Browsing: May 4

A Brief History On May 4, 1979, Margaret Thatcher, the leader of the Conservative Party, was sworn in as Prime Minister of the United Kingdom, the first woman to lead a major Western Power in the era of elected leaders. Known as “The Iron Lady,” a name bestowed upon her by Soviets, Thatcher served from 1979 to 1990, resigning in 1990 after maintaining only a slim majority of support of her own party. Digging Deeper Thatcher, born Margaret Hilda Roberts in 1925, was Oxford educated in Chemistry went on to work as a chemist before studying the law and becoming…

A Brief History On May 4, 1894, educator Charles Babcock, superintendent of Oil City, Pennsylvania schools, established “Bird Day” on May 4 in order to advance the celebration and conservation of our feathered friends. Digging Deeper Other “Bird Days” include International Bird Day (April 13) and International Migratory Bird Day (second Saturday in May, or May 13 this year).  The 2017 theme is Stopover Sites: Helping Birds Along the Way. As birds are extremely important to the environment and to the welfare of mankind, we will take a moment to recognize some of their important contributions to the ecology.  For…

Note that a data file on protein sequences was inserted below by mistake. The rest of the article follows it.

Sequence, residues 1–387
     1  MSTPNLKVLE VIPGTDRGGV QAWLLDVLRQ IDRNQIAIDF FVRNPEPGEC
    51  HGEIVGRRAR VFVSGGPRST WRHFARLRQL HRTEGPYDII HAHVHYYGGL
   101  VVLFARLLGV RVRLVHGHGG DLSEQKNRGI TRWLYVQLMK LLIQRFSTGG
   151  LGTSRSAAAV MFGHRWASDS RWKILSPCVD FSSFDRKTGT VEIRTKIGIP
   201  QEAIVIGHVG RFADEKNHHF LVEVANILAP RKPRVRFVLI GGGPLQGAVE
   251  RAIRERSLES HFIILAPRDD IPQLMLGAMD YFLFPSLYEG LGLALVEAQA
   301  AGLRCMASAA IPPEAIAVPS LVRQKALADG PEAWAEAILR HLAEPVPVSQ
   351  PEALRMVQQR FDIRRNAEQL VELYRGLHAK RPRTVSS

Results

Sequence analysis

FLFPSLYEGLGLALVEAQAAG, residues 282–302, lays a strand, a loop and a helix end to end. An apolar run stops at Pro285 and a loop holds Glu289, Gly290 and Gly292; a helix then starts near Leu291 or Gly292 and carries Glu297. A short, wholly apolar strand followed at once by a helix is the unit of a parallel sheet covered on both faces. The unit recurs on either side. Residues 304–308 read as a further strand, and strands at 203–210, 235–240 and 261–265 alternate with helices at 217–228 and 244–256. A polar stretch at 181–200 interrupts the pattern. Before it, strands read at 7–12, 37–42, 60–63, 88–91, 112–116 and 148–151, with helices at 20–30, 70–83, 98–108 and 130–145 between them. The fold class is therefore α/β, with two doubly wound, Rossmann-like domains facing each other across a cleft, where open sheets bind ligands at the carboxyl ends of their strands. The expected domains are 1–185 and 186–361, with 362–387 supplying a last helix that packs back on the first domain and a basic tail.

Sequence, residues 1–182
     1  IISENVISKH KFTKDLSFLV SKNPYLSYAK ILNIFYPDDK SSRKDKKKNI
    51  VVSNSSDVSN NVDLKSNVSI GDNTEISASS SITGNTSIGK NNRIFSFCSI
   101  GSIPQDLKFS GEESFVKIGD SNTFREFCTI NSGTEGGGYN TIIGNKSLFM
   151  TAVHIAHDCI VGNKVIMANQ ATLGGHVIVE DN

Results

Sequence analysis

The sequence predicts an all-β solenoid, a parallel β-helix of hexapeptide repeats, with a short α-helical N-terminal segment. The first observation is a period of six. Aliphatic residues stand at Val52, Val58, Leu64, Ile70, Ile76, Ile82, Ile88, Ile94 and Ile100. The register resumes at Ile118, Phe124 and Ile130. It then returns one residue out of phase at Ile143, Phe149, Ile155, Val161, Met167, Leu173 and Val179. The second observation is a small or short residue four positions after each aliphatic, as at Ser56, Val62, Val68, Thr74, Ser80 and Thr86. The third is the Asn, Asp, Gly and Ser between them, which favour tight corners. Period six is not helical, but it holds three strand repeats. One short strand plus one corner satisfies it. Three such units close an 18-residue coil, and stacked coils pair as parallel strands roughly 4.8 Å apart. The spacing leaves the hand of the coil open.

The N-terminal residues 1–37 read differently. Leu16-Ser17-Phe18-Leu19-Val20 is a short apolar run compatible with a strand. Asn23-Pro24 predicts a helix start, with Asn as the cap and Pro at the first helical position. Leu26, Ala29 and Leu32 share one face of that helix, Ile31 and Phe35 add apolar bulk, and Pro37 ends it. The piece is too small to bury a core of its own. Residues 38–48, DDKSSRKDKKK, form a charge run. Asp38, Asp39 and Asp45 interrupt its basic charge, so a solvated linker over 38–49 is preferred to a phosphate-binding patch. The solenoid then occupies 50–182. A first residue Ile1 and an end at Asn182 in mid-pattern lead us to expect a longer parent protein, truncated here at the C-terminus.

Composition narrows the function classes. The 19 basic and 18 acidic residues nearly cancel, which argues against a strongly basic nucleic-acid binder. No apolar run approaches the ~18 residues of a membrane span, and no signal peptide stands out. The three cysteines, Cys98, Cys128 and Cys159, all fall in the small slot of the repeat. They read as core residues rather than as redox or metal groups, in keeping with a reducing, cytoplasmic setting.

A Brief History On May 4, 1970, Kent State University in Ohio became famous as the scene of a tragic anti-war protest gone wrong, with 4 students dead and 9 wounded. Do you know what Kent State sports teams are known as? Hint: it has nothing to do with this infamous incident. They are known as The Golden Flashes. Many schools have teams named for ferocious animals or some sort of warrior people, but many others have names that leave others to wonder what the heck image they are trying to project. Since the NCAA forced schools to lose derogatory…

A Brief History On May 4, 1970, the M-1 Garand rifles of the Ohio National Guard were used in combat; against college kids! Digging Deeper With the United States torn by the War in Viet Nam, protests at college campuses became common. President Nixon had promised to end the War in Viet Nam when running for election in 1968, and by 1970 he had sent US forces into Cambodia to eliminate sanctuary for communist Vietnamese forces and disrupt communist supply lines. Many in the US saw this broken promise as an escalation of the unpopular war. Additional fuel for the…

From the Series Lil’ History Chips On May 4, 1959, the first ever Grammy music awards were held, with no category for rock and roll despite the fact that this new type of music had already long taken the country by storm.  The big winners with 2 Grammys apiece were: Ella Fitzgerald (Best Pop Vocal Performance by a Female and Best Jazz Performance by an Individual, for compilations of a Irving Berlin song and a Duke Ellington song, respectively); Henri Mancini (Best Arrangement and Album of the Year, both for The Music from Peter Gunn); Ross Bagdasarian, Sr., better known by his stage persona…